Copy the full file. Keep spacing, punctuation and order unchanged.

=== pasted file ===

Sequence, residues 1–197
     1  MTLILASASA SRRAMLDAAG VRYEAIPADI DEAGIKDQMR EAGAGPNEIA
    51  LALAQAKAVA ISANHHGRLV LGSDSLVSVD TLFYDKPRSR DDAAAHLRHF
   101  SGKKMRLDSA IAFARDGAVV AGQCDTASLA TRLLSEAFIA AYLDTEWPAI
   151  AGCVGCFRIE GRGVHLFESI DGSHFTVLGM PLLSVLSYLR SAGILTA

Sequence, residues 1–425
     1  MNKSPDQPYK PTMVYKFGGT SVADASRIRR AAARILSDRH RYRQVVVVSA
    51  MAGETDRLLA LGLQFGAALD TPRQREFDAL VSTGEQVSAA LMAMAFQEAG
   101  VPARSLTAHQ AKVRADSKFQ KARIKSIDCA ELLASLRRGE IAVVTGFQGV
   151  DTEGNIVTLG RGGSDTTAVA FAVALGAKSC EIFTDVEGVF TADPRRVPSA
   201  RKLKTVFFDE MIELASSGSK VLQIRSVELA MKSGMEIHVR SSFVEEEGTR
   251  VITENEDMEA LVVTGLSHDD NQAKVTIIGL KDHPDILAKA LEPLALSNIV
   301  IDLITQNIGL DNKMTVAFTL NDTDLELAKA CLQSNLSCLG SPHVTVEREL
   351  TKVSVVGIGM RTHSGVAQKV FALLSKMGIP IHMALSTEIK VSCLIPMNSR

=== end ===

Sequence, residues 1–197
     1  MTLILASASA SRRAMLDAAG VRYEAIPADI DEAGIKDQMR EAGAGPNEIA
    51  LALAQAKAVA ISANHHGRLV LGSDSLVSVD TLFYDKPRSR DDAAAHLRHF
   101  SGKKMRLDSA IAFARDGAVV AGQCDTASLA TRLLSEAFIA AYLDTEWPAI
   151  AGCVGCFRIE GRGVHLFESI DGSHFTVLGM PLLSVLSYLR SAGILTA

Sequence, residues 1–425
     1  MNKSPDQPYK PTMVYKFGGT SVADASRIRR AAARILSDRH RYRQVVVVSA
    51  MAGETDRLLA LGLQFGAALD TPRQREFDAL VSTGEQVSAA LMAMAFQEAG
   101  VPARSLTAHQ AKVRADSKFQ KARIKSIDCA ELLASLRRGE IAVVTGFQGV
   151  DTEGNIVTLG RGGSDTTAVA FAVALGAKSC EIFTDVEGVF TADPRRVPSA
   201  RKLKTVFFDE MIELASSGSK VLQIRSVELA MKSGMEIHVR SSFVEEEGTR
   251  VITENEDMEA LVVTGLSHDD NQAKVTIIGL KDHPDILAKA LEPLALSNIV
   301  IDLITQNIGL DNKMTVAFTL NDTDLELAKA CLQSNLSCLG SPHVTVEREL
   351  TKVSVVGIGM RTHSGVAQKV FALLSKMGIP IHMALSTEIK VSCLIPMNSR